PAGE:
Being a hero doesn’t have to be hard. We know that doing the right thing isn’t limited to putting on a costume and beating up drug dealers and criminal kingpins. All you need to do is start small, and you can learn how right here on campus.
Bystander-intervention training consists of courses developed to teach individuals how to prevent, respond to and react to incidents of sexual violence, harassment and assault. The University of Saskatchewan has offered some version of bystander-intervention training for several years now. However, it was only last year that the Peer Health Centre transitioned it from a student-run workshop to a licensed program called Bringing in the Bystander.
Bringing in the Bystander is an evidence-based course developed by Prevention Innovations Research Center. It was originally designed to address issues of sexual assault at the University of New Hampshire. Since then, it has been licensed by universities across North America.
Sabrina Materie, who has a bachelor’s degree in psychology from the U of S, works part-time with the Peer Health Centre on campus. Materie is one of about 20 people chosen to receive training on how to facilitate the course. She has since led nine workshops where she shares what she has learned with students and staff.
Materie appreciates the course because it expands beyond reacting to an assault in progress and works towards targeting the elements of campus culture that might lead to an assault.
“The program is introduced with a discussion about what a bystander is,” Materie said. “We have pretty strong perceptions that a bystander is someone who witnesses a criminal event, or a situation that might lead to a criminal event, and through their position, they have either the option to do nothing, to intervene and de-escalate the situation or to contribute to the negative behaviour.”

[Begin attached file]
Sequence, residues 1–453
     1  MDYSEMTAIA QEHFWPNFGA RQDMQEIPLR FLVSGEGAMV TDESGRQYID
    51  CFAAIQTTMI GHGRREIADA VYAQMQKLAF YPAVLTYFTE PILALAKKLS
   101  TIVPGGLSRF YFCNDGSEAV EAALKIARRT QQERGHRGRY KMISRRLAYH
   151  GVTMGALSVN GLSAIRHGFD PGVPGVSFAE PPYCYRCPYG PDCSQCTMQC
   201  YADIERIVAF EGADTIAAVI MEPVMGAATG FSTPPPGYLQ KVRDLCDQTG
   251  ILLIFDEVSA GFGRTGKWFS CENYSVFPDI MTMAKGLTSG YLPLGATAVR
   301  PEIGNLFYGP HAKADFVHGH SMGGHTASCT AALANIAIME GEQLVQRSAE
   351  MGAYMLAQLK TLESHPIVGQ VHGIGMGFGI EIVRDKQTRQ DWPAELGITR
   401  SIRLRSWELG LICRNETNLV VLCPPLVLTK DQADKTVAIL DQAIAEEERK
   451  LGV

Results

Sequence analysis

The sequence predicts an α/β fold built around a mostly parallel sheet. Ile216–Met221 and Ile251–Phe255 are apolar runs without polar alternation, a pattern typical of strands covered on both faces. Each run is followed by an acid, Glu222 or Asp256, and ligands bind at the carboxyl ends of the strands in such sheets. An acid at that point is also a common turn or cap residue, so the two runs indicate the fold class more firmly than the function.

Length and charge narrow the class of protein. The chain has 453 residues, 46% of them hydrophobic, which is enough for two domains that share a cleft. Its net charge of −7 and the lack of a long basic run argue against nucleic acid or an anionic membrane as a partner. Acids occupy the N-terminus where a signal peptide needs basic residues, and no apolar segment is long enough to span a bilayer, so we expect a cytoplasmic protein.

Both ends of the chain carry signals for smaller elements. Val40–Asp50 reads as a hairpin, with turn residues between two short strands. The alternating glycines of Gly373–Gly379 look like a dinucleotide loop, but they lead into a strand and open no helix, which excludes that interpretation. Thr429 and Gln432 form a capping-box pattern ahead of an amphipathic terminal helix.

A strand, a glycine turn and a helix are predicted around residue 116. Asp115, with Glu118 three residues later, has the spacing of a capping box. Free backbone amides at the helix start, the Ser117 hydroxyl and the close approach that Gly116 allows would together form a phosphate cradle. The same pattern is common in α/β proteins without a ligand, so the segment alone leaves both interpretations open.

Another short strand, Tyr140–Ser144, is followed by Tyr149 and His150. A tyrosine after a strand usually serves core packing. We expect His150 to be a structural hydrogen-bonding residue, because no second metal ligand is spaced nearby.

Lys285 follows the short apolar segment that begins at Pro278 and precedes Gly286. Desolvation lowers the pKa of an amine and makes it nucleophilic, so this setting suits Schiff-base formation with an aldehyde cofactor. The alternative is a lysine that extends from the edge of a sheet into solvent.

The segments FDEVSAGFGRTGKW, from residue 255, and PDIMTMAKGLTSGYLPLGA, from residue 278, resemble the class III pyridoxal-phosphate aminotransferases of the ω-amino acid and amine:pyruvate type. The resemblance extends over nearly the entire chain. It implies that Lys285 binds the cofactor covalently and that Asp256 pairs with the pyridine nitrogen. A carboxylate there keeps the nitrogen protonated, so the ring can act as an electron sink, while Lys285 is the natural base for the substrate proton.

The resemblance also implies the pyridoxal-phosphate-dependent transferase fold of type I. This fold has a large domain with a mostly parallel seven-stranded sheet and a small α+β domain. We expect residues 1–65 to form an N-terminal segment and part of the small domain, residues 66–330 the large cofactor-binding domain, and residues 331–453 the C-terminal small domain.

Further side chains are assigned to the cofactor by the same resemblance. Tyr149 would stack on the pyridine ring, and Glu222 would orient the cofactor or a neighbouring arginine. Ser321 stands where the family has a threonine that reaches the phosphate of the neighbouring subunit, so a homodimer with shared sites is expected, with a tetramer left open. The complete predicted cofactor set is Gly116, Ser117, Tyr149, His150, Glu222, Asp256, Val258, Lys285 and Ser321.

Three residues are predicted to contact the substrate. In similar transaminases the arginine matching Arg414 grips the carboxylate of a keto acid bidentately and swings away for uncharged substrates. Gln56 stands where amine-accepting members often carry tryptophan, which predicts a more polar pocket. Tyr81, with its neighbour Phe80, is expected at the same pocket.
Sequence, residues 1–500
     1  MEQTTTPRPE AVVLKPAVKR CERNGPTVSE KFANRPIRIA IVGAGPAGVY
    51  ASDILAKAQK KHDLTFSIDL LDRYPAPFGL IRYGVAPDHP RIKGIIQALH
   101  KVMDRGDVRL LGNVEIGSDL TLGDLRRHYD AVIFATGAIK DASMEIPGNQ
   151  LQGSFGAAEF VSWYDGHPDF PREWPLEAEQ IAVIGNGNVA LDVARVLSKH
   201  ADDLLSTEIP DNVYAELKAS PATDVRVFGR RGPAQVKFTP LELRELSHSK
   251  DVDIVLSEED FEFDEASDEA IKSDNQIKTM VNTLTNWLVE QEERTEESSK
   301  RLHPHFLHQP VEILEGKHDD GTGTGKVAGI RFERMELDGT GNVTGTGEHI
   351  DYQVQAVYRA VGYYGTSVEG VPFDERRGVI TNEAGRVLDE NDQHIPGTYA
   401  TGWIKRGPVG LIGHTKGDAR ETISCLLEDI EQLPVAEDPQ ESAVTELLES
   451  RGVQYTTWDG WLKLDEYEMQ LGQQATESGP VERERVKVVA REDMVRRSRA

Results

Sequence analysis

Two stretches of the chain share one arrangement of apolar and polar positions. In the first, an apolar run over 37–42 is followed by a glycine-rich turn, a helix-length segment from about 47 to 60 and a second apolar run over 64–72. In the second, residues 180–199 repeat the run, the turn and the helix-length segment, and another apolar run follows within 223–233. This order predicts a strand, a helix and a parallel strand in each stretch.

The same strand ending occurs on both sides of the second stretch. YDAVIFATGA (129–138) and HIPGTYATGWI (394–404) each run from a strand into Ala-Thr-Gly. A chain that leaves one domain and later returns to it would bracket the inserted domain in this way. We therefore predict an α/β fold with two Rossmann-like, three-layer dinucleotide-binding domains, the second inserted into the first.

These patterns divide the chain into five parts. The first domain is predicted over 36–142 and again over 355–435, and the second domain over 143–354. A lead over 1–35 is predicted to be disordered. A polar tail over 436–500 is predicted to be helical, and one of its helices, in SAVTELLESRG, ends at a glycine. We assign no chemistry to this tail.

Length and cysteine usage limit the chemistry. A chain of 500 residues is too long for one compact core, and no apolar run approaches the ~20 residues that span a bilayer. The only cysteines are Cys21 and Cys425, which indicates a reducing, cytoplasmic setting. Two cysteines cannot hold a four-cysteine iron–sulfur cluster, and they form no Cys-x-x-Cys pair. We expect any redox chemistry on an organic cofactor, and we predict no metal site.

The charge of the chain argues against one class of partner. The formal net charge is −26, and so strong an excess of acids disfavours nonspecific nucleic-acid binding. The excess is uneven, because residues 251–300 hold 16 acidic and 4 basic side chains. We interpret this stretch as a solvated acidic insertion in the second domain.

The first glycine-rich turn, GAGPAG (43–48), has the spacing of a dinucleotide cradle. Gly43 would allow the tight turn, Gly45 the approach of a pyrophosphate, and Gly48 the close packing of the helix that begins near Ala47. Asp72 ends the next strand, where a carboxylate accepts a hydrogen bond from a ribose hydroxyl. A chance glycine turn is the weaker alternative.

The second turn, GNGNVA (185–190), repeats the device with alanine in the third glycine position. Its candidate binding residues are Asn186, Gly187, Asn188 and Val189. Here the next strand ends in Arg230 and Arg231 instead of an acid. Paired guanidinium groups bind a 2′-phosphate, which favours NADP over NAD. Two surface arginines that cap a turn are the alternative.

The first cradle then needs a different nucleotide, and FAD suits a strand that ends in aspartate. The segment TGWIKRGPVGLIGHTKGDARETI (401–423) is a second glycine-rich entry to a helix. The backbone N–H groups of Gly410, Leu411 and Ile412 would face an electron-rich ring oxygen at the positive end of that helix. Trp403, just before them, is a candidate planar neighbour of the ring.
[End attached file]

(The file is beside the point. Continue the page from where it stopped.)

The course seeks to provide participants with the knowledge and confidence necessary to recognize hazardous situations and intervene as prosocial bystanders — by knowing exactly what to say in order to prevent a situation from getting worse.
“It starts with scenarios of assaults that happened on campuses that have quite a high public profile, where we can report enough of the facts to tell a story, and then, the participants are invited to identify all the points in the story where a bystander could have intervened,” Materie said.
It seems that, in many cases, sexual violence, harassment and assaults could have been stopped by any number of preventative measures.
“You can’t predict that your friend is going to get raped if they walk home from a party alone, but if you take that basic step, you could prevent it without ever knowing that you did,” Materie said.
Another useful skill offered through the course is how to effectively handle disclosures of sexual violence, harassment and assault. The facilitators teach you how to be an effective bystander by just being there for someone, empathetically, if they are disclosing to you.
“There has been research that shows [that] the way that someone responds to a survivor when they’re giving their first disclosure really impacts the trajectory of their healing and the way that they process that experience,” Materie said.
Materie offers some reassurance for survivors of sexual assault.
“Things are changing…I know this university has had a problem with sexual assault, and the response to sexual assault, on campus,” Materie said. “For survivors, there is support out there for you, it was never your fault, and we’re working to make as much change as we can, so that this stops happening on campus.”
The Peer Health Centre will be offering this training, which is completely free for students, in the form of a two-hour workshop occurring approximately twice a month. Completion of the program will result in a certificate and an attribution on your your co-curricular record. Upcoming dates include Oct. 9 and Oct. 25. To find more information or register for an upcoming course, visit usask.ca/consent.
Graphic: Jaymie Stachyruk / Graphics Editor